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According to the report published by the Joint United Nations Programme on HIV/AIDS (UNAIDS), Ghana was among seven countries in sub-Saharan Africa that have achieved this remarkable feat of reducing the HIV infections among children.
Ghana was ahead of South Africa in reducing the infections, according to the report.
“With a 76% decline since 2009, Ghana showed the greatest decline in the rate of new infections among children,” the report said, adding that the country has doubled the number of children accessing treatment from 2009 to 2012.
The other six African nations were Botswana, Ethiopia, Malawi, Namibia, South Africa and Zambia.
“…seven countries in sub-Saharan Africa—Botswana, Ethiopia, Ghana, Malawi, Namibia, South Africa and Zambia—have reduced new HIV infections among children by 50% since 2009,” UNAIDS said citing the report which was on the Global Plan towards elimination of new HIV infections among children by 2015 and keeping their mothers alive (Global Plan).
South Africa showed a 63% decline (24 000 fewer new HIV infections in 2012 than in 2009), the report indicated.
The report noted that Tanzania and Zimbabwe are also making substantial progress.
The UNAIDS highlighted that there were 130,000 fewer new HIV infections among children across the 21 Global Plan priority countries in Africa––a drop of 38% since 2009.
“The progress in the majority of countries is a strong signal that with focused efforts every child can be born free from HIV,” said Michel Sidibé, UNAIDS Executive Director.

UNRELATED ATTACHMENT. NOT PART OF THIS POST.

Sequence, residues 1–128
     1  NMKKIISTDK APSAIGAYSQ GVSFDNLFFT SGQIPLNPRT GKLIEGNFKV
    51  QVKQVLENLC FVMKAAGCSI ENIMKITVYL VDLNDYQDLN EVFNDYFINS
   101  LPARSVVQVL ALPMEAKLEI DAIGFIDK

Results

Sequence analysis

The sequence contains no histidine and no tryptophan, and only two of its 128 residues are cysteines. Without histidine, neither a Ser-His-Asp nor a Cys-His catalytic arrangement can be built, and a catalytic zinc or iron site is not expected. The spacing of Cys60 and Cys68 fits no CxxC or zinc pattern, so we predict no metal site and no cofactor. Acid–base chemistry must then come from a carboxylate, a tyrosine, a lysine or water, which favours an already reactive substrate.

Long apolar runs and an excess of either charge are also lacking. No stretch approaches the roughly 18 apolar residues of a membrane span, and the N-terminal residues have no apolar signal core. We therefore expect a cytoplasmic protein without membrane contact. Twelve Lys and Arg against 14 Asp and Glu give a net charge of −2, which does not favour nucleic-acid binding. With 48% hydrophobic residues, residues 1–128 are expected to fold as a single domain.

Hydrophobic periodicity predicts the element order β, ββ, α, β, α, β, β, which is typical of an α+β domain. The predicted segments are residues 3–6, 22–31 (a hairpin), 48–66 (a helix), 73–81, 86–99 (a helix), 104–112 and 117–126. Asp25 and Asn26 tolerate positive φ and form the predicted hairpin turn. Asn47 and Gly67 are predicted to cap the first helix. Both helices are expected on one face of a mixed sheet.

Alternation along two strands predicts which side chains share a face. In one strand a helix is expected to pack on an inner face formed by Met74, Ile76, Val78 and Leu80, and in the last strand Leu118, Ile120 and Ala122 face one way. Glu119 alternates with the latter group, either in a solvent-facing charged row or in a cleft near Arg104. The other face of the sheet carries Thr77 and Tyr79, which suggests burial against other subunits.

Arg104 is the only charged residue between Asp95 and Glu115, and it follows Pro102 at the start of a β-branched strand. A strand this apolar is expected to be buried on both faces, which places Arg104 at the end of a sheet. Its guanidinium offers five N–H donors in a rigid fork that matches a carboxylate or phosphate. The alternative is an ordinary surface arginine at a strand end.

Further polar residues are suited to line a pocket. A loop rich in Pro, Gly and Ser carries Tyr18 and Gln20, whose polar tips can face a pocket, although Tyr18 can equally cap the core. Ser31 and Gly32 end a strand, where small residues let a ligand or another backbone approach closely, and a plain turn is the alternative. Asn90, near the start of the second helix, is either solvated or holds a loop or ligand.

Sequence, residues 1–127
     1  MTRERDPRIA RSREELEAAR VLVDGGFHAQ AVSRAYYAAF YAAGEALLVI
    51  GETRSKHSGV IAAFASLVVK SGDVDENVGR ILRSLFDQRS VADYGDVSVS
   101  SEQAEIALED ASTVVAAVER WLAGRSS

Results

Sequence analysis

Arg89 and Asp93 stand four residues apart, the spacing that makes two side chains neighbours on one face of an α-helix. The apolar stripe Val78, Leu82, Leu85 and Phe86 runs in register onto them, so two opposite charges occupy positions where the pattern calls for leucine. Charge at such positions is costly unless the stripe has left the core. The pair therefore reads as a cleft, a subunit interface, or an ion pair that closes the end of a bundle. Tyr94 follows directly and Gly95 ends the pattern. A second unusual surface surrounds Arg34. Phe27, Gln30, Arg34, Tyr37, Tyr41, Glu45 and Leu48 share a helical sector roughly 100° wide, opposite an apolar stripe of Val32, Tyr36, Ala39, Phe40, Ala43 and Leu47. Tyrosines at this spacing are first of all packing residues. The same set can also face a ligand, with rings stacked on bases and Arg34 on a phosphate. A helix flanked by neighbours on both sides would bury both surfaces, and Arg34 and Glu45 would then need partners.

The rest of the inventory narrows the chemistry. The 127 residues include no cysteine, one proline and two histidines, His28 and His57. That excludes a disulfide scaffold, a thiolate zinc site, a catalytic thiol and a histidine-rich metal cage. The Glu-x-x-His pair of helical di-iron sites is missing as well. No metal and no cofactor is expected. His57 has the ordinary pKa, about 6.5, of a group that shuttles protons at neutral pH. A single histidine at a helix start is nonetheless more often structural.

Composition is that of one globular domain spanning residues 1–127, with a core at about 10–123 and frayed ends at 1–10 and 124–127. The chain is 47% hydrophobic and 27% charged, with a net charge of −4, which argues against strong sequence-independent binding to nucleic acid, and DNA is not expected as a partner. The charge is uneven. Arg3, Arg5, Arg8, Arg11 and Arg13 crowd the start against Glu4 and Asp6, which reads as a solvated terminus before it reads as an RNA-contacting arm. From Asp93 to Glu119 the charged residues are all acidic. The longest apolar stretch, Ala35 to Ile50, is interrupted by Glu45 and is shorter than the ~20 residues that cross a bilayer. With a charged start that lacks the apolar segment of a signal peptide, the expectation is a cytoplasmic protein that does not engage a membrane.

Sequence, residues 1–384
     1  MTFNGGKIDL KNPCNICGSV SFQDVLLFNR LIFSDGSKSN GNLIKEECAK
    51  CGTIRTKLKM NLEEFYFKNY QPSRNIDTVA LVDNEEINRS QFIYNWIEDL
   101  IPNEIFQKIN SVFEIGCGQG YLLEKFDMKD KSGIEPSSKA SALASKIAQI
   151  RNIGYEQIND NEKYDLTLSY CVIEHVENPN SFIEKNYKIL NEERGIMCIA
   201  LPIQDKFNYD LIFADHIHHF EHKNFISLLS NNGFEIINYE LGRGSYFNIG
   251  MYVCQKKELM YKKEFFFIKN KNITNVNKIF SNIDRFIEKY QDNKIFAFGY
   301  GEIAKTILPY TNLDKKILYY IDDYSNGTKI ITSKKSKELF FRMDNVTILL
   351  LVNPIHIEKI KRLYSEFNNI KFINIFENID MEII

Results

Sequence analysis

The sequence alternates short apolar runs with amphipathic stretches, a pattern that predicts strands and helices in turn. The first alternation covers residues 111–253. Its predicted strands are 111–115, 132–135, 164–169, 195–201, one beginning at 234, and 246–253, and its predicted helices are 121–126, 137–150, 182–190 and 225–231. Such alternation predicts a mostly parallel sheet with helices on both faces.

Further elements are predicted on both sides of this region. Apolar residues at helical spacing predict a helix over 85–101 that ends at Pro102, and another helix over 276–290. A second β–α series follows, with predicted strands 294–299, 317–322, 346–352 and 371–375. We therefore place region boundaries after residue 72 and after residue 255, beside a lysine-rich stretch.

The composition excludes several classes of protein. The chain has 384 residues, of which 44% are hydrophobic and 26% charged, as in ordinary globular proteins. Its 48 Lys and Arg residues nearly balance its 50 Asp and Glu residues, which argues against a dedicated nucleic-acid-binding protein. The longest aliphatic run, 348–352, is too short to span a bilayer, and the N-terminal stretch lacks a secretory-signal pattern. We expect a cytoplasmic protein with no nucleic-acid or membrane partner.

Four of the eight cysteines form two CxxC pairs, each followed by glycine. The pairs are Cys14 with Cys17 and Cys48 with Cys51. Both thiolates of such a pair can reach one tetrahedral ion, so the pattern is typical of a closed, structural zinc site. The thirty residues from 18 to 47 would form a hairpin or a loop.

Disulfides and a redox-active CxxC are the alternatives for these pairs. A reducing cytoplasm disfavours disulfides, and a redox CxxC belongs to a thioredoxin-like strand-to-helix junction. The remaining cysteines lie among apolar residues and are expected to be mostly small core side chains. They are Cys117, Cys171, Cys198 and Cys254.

Mr Sidibé, however observed that progress in some countries with high numbers of new infections has stalled.
The report shows that access to treatment remains unacceptably low for children and that “only three in ten children in need of treatment have access in most of the ‘Global Plan’ priority countries.”
“We need to find out why and remove the bottlenecks which are preventing scale-up,” the UNAIDS boss said.
However, the pace of HIV infection decline in some of the 21- African Global Plan priority countries is said to be slow and in Angola, the report says “new HIV infections have even increased”.
For Nigeria which has the largest number of children acquiring HIV (nearly 60 000 new HIV infections among children in 2012), the report said the numbers remain largely unchanged since 2009.
“Without urgent action in Nigeria”, it said “the global target for 2015 may not be reached”.
The Global Plan towards elimination of new HIV infections among children by 2015 and keeping their mothers alive is an initiative spearheaded by the Joint United Nations Programme on HIV/AIDS (UNAIDS) and the United States Presidents Emergency Plan for AIDS Relief (PEPFAR) which was unveiled in June 2011 at the UN General Assembly High Level Meeting on AIDS.
The Plan has two main targets for 2015 – a 90% reduction in the number of children newly infected with HIV and a 50% reduction in the number of AIDS-related maternal deaths.
By Ekow Quandzie